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Fashion – Enter Wales: Novelle Yarn Project – Wool Conference & Spinning #11


Continuing with the development of the Novelle Yarn project with SMARTCryum and Potter Group, Eddie Bebb, Commercial Manager at Fashion-Enter Wales attended a conference at Aberystwyth University on 11th May 2022.

Eddie reports:

The title of the event was Fleeces for many uses – processing Welsh wool in Wales.’

The event was managed by Farming Connect and attended by over 40 like-minded wool lovers from every part of the Welsh Wool supply chain to discuss better ways to process and promote a product which is currently criminally undervalued but has fantastic potential.

It was a great opportunity to network and I was fortunate to be in the same break-out group (discussing price/value/worth) as Johnny from Garthenor Organic who has plans to expand his wool spinning operation in Cardigan.

Managing processing cost is the obvious challenge in front of him.

Also, in our group but at the other end of the supply chain was Anna Felton of Monkstone Knitwear, Anna explained about the challenge of trying to promote Welsh wool to a point where products would be able to attract a premium price similar to the way Welsh lamb is able to.

Anna is visiting the British wool open day in Newtown later this month and accepted my invitation to visit the Fashion-Enter factory.

The conclusion of the breakout review was that there are 2 main areas to concentrate on:

1. Processing

2. Marketing

Further sessions are to be organised in the coming months with delegates able to select which topic they are most interested in.’  

Meanwhile, Chrissy Smith, founder of The Lost Sheet Company has been researching, spinning and sampling Fashion-Enter’s sourced wool. 

Chrissy at her shop The Lost Sheep Company in Colwyn Bay, Wales

Here is what she had to say about her company and working on the project:

‘Just sharing a few things about me and past developments, and some observations regarding your yarn development. 

‘The Lost Sheep Company grew out of my desire as a knitwear designer to work with Welsh breed yarn when I  moved to Wales. I found 9 breeds but only black Welsh and llanwenog was available then.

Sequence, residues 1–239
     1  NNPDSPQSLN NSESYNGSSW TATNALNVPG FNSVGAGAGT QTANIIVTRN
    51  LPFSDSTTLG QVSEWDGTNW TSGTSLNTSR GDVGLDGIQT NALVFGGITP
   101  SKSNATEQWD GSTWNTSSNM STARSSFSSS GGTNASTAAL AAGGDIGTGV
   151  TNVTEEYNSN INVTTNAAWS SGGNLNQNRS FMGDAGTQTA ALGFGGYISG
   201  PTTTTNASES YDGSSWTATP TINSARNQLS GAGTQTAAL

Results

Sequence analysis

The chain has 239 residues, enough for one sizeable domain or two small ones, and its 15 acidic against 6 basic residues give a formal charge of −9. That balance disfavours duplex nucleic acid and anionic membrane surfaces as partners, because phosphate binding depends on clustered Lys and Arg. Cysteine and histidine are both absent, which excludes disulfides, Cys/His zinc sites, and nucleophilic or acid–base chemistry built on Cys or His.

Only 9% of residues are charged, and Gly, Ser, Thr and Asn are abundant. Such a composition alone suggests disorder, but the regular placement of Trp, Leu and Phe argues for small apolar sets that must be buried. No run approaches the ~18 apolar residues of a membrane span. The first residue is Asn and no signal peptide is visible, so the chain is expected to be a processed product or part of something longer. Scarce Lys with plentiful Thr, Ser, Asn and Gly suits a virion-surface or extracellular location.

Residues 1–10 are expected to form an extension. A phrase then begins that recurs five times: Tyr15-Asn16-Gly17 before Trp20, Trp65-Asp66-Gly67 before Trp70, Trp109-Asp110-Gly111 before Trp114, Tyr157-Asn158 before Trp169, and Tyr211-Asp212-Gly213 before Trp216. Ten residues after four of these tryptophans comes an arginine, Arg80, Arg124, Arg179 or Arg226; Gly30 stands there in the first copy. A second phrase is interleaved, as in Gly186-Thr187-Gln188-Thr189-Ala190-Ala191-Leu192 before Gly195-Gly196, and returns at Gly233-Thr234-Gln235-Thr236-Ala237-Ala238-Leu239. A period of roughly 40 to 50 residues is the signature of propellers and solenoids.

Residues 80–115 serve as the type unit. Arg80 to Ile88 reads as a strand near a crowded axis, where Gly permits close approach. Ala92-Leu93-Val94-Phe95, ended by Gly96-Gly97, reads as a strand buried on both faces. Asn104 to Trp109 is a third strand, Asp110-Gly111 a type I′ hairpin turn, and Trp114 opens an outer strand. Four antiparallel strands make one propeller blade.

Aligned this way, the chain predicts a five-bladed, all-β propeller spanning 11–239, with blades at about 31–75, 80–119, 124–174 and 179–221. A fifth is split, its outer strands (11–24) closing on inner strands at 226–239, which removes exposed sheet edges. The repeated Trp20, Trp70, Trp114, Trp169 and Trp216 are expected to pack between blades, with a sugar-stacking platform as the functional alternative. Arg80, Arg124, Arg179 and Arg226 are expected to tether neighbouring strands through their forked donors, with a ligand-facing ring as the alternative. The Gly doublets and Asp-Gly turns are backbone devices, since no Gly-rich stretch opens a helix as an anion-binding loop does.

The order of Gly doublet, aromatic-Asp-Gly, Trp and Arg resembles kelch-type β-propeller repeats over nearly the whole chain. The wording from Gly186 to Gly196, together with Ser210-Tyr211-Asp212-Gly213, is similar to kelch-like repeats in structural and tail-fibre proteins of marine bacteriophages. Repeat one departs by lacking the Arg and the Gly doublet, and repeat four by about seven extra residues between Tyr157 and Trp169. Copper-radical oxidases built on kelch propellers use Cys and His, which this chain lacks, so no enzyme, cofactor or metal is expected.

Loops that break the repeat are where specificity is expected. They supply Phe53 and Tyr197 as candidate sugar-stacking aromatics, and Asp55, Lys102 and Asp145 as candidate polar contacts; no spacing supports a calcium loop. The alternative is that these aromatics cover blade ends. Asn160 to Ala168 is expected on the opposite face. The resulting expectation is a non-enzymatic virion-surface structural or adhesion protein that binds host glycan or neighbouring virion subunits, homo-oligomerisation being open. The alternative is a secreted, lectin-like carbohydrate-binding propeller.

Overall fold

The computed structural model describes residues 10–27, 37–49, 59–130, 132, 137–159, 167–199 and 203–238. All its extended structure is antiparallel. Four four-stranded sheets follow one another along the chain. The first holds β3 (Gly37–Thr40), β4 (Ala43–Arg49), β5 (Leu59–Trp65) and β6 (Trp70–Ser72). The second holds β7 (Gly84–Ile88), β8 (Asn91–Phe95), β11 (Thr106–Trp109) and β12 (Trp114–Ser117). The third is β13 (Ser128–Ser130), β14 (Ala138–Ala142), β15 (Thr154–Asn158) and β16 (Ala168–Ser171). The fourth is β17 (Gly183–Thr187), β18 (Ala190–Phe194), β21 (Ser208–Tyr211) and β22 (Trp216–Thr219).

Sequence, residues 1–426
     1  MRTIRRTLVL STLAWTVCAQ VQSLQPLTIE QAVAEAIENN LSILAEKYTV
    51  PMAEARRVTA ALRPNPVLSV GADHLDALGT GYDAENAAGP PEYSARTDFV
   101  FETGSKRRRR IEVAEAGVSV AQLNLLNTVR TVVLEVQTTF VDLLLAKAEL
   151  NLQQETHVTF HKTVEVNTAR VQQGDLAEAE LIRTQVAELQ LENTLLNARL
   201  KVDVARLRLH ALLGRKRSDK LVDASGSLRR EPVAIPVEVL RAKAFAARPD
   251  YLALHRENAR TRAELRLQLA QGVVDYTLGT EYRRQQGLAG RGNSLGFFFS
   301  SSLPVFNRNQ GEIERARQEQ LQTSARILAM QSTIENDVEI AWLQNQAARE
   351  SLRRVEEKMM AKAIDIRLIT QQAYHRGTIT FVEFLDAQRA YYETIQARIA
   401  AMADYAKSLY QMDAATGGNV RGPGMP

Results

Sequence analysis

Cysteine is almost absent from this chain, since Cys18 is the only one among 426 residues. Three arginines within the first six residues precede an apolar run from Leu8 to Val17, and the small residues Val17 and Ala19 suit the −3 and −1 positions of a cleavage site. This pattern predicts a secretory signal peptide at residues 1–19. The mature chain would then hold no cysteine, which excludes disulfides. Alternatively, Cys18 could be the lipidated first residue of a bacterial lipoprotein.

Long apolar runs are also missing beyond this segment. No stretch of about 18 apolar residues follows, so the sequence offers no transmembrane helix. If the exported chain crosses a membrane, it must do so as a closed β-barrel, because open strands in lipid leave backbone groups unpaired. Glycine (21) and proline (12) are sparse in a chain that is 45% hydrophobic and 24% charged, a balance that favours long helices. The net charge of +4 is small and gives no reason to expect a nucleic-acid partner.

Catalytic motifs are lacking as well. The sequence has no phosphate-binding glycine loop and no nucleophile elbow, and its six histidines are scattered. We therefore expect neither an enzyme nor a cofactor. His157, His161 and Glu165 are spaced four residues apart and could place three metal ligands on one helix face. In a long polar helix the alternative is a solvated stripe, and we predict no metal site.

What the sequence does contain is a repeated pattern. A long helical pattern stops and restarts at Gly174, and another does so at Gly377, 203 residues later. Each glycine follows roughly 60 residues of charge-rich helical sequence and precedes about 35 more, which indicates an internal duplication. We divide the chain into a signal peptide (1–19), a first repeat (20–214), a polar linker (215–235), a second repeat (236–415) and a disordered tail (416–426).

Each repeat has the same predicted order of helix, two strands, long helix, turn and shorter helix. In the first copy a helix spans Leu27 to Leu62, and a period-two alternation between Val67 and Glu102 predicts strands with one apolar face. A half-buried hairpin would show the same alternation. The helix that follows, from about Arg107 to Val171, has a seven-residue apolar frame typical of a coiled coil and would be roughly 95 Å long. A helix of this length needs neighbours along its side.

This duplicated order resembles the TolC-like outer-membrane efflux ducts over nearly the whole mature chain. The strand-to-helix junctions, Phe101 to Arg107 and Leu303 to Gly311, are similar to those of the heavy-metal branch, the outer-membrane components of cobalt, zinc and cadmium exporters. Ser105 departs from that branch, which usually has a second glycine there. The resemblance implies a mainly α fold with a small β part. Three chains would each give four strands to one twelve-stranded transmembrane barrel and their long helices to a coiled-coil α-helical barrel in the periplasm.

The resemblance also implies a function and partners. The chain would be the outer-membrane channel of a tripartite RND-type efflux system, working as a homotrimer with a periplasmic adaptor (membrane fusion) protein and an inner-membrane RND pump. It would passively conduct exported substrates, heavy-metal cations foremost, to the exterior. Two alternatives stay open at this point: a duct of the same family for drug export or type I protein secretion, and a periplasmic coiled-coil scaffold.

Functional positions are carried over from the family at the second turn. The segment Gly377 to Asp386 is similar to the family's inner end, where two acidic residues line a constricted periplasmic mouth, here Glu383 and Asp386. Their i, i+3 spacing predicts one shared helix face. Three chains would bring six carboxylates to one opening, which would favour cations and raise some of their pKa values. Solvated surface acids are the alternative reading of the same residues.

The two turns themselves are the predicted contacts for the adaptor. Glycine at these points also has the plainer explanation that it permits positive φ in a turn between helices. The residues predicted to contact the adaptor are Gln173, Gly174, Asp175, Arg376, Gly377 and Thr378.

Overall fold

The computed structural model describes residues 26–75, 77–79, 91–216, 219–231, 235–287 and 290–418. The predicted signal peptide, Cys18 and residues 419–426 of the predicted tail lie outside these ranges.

‘Investigating why that was and where that fleece went led me to my connection with the shepherds, a pledge to pay them a minimum of 10 times the wool market board price and a determination to educate and create change. I am now known by the marketing board who I have spoken to, and also Prince Charles, thanks to Gareth Wyn Jones. From this I learnt to produce my own yarn.

‘Prior to moving to Wales and following 6-years studying textile development and design, I worked with Toft alpaca using their waste yarn to produce high-end hand bags which became their signature pieces selling for £300. And then garments and pattern designs.Their company has changed somewhat since, but I am also a designer for ukalpaca where my designs are extremely popular. You can see my designs on their website as Chrissy Smith, which  they have spelt Chrissie on some patterns!

‘Last year I was approached by Disney and spent 6 months developing products for them for an exciting TV series launching this year. These products included organic dyed Welsh breed handspun and various woven products and hand whittled craft tools. I loved it!

‘So you can see why I’m excited to be involved with your project!

‘Regarding your yarn so far…The wool marketing board code Richard gave me indicated a medium grade fleece. Lleyn falls into this category if you want a Welsh breed it has a long staple suitable for fine spinning,  has lustre and dyes really well.

‘I have spun up samples of the Welsh breeds and woven some too. Which I will pass onto Richard. Samples are spun as singles for weaving and fine plyed. I can also include aran and chunky weight too if you require.

‘I am now looking forward to working with your recycled waste and developing your yarn.’

More from this project next week.

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